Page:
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Natural Products

Liquid from root-like structures may make mushrooms grow

Substance produced by fungal mycelium contains novel bioactive compounds

by Alla Katsnelson, special to C&EN
September 18, 2023


Image shows two types of mushrooms. The left side shows several examples of Hypholoma lateritium, a ruddy brown mushroom with a tall stem and wide cap. The right side shows Hericium erinaceus, a pale cream-colored mushroom, gathered in a mass with vertical, string-like features.
Credit: Shutterstock/C&EN
Researchers studied the liquid produced by mycelium, the root-like structure of these two species of mushrooms, Hypholoma lateritium (left) and Hericium erinaceus (right). Each contains novel bioactive compounds.

We don’t generally think of mushrooms as juicy, but their growth may be fueled by a mysterious liquid secreted from their root-like structures, a new study suggests (J. Agric. Food Chem. 2023, DOI: 10.1021/acs.jafc.3c03633). “Many people who are involved in [the] mushroom industry and mushroom science know the liquid,” says Hirokazu Kawagishi, a natural products chemist at Shizuoka University who led the work, in an email. “However, no researchers in mushroom science have paid attention to the liquid until now.”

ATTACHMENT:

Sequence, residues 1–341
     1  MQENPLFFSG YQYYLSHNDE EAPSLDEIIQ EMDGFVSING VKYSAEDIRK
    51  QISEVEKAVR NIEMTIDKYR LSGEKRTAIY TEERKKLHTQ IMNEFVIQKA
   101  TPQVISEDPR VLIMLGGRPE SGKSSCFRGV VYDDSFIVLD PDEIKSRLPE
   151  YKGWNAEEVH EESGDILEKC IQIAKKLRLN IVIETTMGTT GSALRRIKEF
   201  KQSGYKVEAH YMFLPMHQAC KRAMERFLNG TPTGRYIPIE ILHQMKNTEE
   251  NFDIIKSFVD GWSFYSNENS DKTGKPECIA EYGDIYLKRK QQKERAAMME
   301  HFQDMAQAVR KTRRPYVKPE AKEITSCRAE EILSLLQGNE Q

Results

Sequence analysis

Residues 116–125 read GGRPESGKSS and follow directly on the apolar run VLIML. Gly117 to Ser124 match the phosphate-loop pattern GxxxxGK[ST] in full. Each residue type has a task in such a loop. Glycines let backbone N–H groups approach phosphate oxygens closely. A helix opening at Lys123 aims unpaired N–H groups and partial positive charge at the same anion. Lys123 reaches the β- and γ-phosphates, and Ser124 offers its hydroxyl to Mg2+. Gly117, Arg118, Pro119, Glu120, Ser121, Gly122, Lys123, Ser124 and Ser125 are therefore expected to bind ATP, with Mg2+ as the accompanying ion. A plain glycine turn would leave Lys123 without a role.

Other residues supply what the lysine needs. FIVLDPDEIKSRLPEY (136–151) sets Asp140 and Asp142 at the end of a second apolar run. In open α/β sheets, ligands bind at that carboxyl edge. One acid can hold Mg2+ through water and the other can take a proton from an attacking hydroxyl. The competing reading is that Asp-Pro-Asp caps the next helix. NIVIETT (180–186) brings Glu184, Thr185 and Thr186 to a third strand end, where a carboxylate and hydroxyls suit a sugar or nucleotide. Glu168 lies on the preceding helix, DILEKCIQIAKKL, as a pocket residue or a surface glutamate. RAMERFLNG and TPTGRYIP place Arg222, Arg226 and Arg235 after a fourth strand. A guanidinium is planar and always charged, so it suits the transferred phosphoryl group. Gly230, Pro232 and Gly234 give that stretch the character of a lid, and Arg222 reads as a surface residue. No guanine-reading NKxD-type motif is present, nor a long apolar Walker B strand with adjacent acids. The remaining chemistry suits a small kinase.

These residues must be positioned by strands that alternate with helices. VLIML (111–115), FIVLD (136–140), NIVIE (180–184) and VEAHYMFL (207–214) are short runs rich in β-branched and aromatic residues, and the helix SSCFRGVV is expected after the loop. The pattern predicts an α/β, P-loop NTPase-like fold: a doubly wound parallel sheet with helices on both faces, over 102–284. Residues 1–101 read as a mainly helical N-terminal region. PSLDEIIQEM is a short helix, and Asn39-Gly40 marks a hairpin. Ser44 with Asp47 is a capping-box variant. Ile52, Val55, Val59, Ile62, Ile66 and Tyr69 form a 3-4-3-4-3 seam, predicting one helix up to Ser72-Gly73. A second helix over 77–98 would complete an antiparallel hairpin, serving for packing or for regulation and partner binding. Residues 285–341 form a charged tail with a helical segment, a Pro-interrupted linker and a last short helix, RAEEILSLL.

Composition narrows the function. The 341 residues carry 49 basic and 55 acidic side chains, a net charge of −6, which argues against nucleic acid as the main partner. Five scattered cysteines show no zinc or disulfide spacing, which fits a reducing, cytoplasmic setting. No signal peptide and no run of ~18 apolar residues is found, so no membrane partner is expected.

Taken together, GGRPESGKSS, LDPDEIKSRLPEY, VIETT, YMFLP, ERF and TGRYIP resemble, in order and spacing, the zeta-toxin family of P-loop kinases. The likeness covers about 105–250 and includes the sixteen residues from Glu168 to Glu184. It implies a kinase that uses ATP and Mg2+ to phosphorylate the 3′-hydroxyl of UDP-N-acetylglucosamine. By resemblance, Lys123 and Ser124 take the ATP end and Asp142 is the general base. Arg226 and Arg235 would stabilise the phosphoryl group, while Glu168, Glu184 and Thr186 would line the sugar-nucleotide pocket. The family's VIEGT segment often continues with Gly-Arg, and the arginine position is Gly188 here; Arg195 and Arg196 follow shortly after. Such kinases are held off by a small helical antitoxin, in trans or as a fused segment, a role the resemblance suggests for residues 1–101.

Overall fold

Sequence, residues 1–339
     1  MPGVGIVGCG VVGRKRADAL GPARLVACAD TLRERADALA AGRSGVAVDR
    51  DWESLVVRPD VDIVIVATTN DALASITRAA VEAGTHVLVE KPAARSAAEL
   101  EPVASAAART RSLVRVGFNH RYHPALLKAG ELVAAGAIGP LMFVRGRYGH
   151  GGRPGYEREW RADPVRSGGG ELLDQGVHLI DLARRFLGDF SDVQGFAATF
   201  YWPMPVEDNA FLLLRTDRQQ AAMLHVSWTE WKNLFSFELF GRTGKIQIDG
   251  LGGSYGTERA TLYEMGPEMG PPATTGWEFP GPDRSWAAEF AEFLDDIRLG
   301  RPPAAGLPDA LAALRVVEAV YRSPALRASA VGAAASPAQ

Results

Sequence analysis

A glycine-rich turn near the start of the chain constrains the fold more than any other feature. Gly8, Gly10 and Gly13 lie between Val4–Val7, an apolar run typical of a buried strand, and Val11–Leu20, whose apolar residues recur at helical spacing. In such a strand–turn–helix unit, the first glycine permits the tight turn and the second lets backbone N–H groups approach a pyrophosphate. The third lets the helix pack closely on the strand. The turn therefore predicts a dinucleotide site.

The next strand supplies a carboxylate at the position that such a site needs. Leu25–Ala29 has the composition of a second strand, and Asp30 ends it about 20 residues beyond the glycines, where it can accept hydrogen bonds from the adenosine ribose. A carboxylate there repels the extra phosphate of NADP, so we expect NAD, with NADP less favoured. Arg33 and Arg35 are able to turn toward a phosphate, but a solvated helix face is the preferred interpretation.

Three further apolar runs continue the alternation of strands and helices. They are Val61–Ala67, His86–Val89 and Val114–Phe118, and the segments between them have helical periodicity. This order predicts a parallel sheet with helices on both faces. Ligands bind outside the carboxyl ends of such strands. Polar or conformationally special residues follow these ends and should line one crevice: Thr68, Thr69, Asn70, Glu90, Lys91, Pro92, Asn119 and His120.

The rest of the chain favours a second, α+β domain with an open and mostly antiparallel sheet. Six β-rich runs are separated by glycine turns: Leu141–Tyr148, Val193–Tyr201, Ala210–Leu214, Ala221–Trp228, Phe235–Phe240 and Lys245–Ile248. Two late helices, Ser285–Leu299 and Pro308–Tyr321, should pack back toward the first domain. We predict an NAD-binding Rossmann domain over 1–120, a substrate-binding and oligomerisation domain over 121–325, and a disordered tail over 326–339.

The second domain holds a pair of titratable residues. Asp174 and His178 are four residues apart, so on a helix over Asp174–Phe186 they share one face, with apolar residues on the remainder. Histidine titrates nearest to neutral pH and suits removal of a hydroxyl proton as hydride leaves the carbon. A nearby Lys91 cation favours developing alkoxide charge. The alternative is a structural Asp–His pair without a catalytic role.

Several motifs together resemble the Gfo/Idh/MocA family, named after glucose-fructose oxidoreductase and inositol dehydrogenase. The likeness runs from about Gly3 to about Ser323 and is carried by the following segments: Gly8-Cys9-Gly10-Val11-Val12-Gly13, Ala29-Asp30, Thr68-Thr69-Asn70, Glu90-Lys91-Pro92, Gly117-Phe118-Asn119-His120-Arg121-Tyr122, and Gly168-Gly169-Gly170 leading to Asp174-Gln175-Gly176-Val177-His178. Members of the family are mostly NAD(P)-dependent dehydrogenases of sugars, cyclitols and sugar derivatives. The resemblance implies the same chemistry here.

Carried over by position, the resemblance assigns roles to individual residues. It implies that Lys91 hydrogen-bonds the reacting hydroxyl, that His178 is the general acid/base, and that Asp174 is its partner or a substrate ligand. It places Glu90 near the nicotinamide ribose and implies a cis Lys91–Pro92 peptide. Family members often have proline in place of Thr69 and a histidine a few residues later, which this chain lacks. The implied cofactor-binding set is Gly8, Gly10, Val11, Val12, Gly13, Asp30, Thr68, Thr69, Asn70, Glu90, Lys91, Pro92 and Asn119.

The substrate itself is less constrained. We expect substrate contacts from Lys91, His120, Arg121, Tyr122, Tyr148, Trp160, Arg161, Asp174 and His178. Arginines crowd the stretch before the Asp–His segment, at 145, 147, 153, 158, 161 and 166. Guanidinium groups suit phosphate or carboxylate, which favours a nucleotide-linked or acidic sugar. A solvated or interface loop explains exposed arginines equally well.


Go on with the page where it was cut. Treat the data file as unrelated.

Mushrooms growing from a wood stump or poking out from leaf litter might look like free-standing organisms, but actually they are fruiting bodies of various fungi—much like how trees and other plants produce apples or berries. Mushroom-producing fungi consist of a web of filaments called mycelium , which acts as a root system from which the mushrooms grow.

Kawagishi and his colleagues obtained liquids from lab-grown mycelium of two different fungi—Hypholoma lateritium (English common name: brick caps) and Hericium erinaceus (English common name: lion’s mane).

They extracted 4 novel compounds from the two liquids­—1 from H. lateritium and 3 from H. erinaceus—and using multiple analytical techniques, determined their composition and structure. Compounds 1, 3, and 4 induced the formation of mushrooms in a mushroom-producing fungus called Flammulina velutipes (English common name: velvet foot). The compounds also had other bioactive effects: Compounds 2 and 4 appear to inhibit a protein that regulates response to cellular stress. All four of the compounds tamped down the activity of a kinase thought to promote tumor growth.

Kawagishi believes there’s more to learn about this substance, which he and his colleagues called “fruiting liquid.” Although plant and animal hormones are well-studied, researchers know next to nothing about mushroom hormones, which Kawagashi believes regulate the mushroom life cycle. He intends to study mushrooms’ fruiting liquid further to try to find hormones there.



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